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[–] erikstarck link

Crisp is quite transparent in how they work and it's documented here if you want to clone it yourself: http://dna.crisp.se/docs/index.html

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[–] ptaipale link

I wonder what happens when the first trouble comes with an accusation of harassment, discrimination or some such thing. How will you defend the company, who will speak for it, and who takes the personal hit that eventually comes?

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[–] pbhjpbhj link

Is this just a workers cooperative, or is there a distinction I'm not seeing?

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[–] mwilliamson link

To me, the most interesting example of a similar organisation (that I see rarely mentioned) is AES (an energy supplier) under Dennis Bakke, as described in Joy at Work [1]. As he puts it, every decision made at the top was a lost chance to delegate responsibility. He advocates the advice process: any person can make any decision, provided that they first get advice from anybody with expertise, and anybody who will be affected. Note that consensus is not required: one of the desired results is that, freed from the need to persuade others, you can focus solely on listening and understanding other points of view. You're hopefully better informed to make a decision, and others feel listened to (rather than feeling like their points aren't being heard as you're trying to persuade them).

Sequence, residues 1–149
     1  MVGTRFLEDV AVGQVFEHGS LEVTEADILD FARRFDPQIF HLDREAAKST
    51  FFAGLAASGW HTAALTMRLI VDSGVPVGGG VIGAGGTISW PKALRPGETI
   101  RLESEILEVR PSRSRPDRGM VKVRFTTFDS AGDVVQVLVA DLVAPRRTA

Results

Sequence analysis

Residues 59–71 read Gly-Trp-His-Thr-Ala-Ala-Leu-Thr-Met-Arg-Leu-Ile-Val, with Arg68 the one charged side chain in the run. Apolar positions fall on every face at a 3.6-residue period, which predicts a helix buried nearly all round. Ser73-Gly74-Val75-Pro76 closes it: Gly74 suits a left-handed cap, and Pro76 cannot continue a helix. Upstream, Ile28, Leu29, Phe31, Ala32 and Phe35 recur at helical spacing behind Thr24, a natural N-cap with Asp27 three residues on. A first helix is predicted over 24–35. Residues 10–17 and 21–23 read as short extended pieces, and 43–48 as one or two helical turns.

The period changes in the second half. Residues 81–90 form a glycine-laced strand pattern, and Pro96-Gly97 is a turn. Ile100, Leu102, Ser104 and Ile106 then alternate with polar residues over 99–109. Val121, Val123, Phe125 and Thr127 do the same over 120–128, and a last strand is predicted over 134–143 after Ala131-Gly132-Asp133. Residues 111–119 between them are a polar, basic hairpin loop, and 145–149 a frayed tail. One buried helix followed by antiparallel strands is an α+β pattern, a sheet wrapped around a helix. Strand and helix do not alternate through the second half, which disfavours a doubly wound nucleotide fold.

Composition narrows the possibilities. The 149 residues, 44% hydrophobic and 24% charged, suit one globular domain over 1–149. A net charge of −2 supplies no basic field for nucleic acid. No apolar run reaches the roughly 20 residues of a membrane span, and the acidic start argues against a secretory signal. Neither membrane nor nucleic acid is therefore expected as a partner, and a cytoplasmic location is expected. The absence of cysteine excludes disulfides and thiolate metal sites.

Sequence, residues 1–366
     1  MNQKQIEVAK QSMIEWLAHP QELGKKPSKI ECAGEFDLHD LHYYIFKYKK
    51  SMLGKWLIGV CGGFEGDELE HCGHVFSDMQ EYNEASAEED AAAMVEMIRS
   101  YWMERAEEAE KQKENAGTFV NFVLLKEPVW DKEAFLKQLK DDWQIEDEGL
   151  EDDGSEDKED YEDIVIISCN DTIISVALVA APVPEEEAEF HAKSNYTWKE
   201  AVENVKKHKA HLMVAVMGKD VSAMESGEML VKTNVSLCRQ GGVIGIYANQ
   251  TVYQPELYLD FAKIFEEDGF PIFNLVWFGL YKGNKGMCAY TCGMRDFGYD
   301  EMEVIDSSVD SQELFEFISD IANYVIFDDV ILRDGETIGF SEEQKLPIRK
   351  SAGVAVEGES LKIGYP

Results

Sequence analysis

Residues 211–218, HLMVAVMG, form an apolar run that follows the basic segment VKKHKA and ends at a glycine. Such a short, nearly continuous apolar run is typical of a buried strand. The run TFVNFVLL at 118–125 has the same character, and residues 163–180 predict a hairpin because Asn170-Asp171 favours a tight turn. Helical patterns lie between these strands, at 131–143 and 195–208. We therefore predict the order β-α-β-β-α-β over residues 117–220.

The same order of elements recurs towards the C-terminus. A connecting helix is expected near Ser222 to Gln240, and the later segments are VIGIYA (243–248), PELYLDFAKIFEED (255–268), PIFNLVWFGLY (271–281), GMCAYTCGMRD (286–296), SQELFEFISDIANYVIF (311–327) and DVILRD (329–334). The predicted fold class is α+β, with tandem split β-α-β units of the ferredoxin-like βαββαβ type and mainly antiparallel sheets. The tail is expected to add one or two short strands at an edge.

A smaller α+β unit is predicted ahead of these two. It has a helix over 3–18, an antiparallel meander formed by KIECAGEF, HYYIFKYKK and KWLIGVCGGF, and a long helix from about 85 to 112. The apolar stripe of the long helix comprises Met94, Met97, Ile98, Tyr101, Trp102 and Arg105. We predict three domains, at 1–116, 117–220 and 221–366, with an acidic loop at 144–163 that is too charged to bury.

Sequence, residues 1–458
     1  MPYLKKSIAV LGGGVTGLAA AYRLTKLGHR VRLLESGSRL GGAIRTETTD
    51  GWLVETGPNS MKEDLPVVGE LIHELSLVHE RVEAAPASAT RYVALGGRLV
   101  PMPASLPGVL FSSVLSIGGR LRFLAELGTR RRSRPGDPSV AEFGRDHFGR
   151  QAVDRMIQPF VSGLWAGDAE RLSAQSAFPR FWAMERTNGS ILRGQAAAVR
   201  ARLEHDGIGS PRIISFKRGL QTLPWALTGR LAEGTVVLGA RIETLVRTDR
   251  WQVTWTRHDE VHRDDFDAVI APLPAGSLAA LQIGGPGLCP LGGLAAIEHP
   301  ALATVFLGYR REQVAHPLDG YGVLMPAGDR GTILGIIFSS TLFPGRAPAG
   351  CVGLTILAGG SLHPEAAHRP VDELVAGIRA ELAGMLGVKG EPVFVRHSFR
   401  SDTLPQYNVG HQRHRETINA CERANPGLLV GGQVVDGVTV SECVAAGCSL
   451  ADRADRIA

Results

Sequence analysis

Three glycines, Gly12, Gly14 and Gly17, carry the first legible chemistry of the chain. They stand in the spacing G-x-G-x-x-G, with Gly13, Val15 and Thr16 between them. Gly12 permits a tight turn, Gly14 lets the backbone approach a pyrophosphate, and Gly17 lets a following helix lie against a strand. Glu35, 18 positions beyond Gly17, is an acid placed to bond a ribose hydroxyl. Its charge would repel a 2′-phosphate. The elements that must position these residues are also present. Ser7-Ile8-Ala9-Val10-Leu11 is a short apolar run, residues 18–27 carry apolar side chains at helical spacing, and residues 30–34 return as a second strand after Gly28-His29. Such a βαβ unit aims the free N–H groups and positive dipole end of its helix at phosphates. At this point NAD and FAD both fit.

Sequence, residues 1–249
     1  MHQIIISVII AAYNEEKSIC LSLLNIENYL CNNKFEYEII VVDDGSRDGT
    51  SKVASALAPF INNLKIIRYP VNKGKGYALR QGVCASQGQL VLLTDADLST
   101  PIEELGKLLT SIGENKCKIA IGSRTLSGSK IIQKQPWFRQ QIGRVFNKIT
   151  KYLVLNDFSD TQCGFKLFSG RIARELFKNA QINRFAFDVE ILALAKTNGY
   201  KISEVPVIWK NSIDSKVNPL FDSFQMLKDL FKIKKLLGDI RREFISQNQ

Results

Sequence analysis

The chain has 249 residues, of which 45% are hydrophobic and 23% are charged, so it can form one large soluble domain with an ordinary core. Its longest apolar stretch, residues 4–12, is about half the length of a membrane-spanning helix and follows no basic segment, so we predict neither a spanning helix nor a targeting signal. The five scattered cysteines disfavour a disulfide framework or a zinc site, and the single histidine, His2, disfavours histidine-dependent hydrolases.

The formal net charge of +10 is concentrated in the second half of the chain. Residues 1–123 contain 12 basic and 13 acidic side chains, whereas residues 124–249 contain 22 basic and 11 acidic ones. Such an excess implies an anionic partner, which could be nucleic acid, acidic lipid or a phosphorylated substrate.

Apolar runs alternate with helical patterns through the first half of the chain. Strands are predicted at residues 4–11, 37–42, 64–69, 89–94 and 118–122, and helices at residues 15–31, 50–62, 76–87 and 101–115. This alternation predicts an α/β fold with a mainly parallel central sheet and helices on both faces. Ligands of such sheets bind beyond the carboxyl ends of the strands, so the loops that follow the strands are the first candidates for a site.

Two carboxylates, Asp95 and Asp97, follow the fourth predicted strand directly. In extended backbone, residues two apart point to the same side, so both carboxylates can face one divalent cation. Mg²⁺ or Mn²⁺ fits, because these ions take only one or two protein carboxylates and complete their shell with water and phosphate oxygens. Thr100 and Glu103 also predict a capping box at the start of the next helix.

Not only did AES have tens of thousands of employees, many of them joined by way of acquisitions of existing plants, rather than being hired by AES with their ethos in mind. That's not to say that everybody was a good fit (some people chose to leave given the choice), but that many stayed and eventually appreciated the change in management structure challenges the idea that self-management is only appropriate for a small proportion of people.

[1] http://www.dennisbakke.com/joy-at-work

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[–] retrac98 link

I don't believe this works well, especially in larger organisations. Groups of people naturally form a hierarchy, whether it's officially recognised or not. It's human nature.

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[–] leeny link

I expect that this method works better in a consultancy (which is what the company in this article is) than in a startup that builds product. In a consultancy, the customer can be the de facto CEO. They tell you what they need and when they need it, and while actually figuring out what to build and how isn't necessarily easy, at least there's some direction. That and each project is, out of necessity, scoped from day one.

In a startup where you're making something, especially BEFORE you make something and during the dark times when you don't know if the thing you're making is something anyone wants, having a single source of vision and direction is critical.

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[–] kmfrk link

As implemented by Twitter.

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[–] alistoriv link